To quote the great Warren Buffett: "Be fearful when others are greedy, and greedy when others are fearful." I'm sure investors would prefer not to experience down periods, but they can bring good opportunities. Chaos in the madness, if you will.

Stock market sell-offs can be a great chance to invest in great companies trading at a value. Here are three growth stocks investors should consider.

1. The Trade Desk 

The Trade Desk (TTD 3.91%) is an adtech company that specializes in programmatic advertising. Instead of companies bidding for digital ad space, The Trade Desk is the middleman connecting the companies with the digital ad space provider, similar to how a brokerage platform connects stock sellers and buyers.

After losing more than half its value in 2022, The Trade Desk has picked up steam, up over 44% year to date (as of May 15).

The company increased its Q1 2023 revenue by 21% year over year, which is slower than the growth of its previous four quarters, but still impressive given how the advertising industry has been affected by broader economic conditions. 

As connected TVs (think smart TVs, Roku, Apple TV+, etc.) and the ad space they provide become more prominent, The Trade Desk has a chance to build a sizable market share. Trading at more than 57x its forward price-to-earnings (P/E) ratio, you could make the case that it's a bit overvalued, but if a sell-off happens and the stock price drops, it's a good go-to for investors with time on their side.

The company repurchased $293 million worth of its shares in Q1 2023, with $407 million available and authorized for repurchases in the near future. This should signal to investors the company is confident in its long-term execution.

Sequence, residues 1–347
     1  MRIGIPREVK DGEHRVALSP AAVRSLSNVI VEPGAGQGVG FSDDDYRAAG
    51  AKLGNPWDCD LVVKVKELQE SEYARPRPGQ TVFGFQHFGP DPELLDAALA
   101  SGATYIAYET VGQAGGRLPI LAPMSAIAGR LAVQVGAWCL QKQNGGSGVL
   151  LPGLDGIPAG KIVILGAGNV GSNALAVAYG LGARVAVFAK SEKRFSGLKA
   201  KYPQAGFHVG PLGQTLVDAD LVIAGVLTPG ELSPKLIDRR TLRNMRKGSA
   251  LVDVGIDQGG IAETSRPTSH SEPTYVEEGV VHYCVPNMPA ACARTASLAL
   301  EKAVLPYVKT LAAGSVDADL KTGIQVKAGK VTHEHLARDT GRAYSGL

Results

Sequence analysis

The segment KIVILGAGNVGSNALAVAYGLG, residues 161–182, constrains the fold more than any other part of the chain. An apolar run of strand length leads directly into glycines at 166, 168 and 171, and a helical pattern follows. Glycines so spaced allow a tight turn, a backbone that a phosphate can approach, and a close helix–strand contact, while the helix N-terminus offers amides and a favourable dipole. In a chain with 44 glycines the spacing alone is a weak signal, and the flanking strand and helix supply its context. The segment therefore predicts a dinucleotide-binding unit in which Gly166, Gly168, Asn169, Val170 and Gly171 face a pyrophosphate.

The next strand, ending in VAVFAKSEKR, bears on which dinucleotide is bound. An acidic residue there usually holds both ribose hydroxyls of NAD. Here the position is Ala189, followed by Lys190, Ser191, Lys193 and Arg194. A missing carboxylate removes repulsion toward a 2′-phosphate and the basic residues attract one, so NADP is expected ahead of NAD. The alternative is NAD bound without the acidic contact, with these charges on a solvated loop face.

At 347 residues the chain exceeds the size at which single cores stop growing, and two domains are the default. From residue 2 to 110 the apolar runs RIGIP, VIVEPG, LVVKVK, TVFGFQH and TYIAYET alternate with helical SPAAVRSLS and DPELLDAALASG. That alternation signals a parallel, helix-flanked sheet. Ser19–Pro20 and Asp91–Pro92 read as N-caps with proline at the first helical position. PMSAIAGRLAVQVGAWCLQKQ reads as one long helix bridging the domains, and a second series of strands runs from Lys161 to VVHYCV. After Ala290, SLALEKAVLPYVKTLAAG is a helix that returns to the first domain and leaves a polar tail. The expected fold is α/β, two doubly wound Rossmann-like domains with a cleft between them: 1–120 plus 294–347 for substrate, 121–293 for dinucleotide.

2. Snowflake

There was a lot of hype surrounding Snowflake (SNOW 5.19%) after its September IPO, with its stock price increasing over 60% in less than three months. Snowflake is now down over 30% from its IPO price, but all seems to be well under the hood for the data warehousing platform.

Snowflake's platform allows users to combine and analyze cloud data from Amazon Web Services, Microsoft's Azure, Alphabet's Google Cloud, and other cloud services, and it's been attracting customers at an impressive pace.

At the end of its 2023 fiscal year (ending Jan. 31), Snowflake had more than 7,800 customers, up 31% year over year. Of those customers, 330 spend over $1 million annually with the company, and 573 are in the Forbes Global 2000. Snowflake is doing an impressive job at bringing in large companies that can cut bigger checks.

Snowflake chart showing the company's customer growth from Q4 FY22 to Q4 FY23.

Data source: Snowflake.

The company's growth has been great, and it's not showing signs of slowing down anytime soon. Although it's not yet profitable, Snowflake's management guided for around 40% year-over-year revenue growth. Snowflake's stock isn't currently undervalued, but if it can maintain its current growth rates for the next few years, it can still provide good returns to investors. 

3. Amazon

With a market cap topping $1 trillion, Amazon (AMZN 1.36%) may not seem like a traditional growth stock, but considering what's likely to drive the company's growth, I believe it still deserves the title. After a pandemic-fueled run that doubled its value from March 2020 to July 2021, Amazon is since down more than 40%.

Amazon has begun drastically cutting costs, slashing around 27,000 corporate jobs and rethinking some of its unprofitable divisions (like devices). Although Amazon is known for its e-commerce, its true moneymaker is Amazon Web Service (AWS) -- its most profitable segment.

AWS is the market leader in cloud infrastructure services, and although its growth has slowed compared to recent years because of economic conditions, it's still well positioned to be a cash cow from Amazon going forward as the cloud industry as a whole grows. 

Another strategic move that could pay off for Amazon is its approach to the AI evolution. Instead of making a direct competitor with chatbots like ChatGPT and Bard, Amazon built Amazon Bedrock, a platform that lets companies build their own AI applications. Amazon Bedrock itself may not be a huge growth driver for the company, but it'll likely be one for AWS, a segment the company knows it needs to prioritize. 

At current price levels, I believe Amazon can still produce good long-term results, but if a sell-off happens and its price drops, it'll be too good of a deal to pass up on.